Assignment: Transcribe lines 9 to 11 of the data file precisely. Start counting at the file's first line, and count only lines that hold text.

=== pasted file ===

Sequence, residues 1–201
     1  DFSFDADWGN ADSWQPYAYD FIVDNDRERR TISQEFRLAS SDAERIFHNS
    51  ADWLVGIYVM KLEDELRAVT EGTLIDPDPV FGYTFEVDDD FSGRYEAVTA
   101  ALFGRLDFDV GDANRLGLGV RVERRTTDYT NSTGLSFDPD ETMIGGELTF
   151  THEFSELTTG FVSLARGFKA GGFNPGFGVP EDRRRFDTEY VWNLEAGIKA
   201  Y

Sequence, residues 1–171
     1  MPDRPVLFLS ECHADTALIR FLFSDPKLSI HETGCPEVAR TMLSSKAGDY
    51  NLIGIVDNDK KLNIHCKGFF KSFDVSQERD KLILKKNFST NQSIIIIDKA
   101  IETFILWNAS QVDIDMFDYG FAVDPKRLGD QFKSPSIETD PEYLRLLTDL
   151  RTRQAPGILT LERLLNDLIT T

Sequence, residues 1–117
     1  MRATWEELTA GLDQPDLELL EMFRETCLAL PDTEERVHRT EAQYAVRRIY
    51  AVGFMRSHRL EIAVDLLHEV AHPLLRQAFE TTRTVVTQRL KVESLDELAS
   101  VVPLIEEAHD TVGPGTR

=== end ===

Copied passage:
    51  NLIGIVDNDK KLNIHCKGFF KSFDVSQERD KLILKKNFST NQSIIIIDKA
   101  IETFILWNAS QVDIDMFDYG FAVDPKRLGD QFKSPSIETD PEYLRLLTDL
   151  RTRQAPGILT LERLLNDLIT T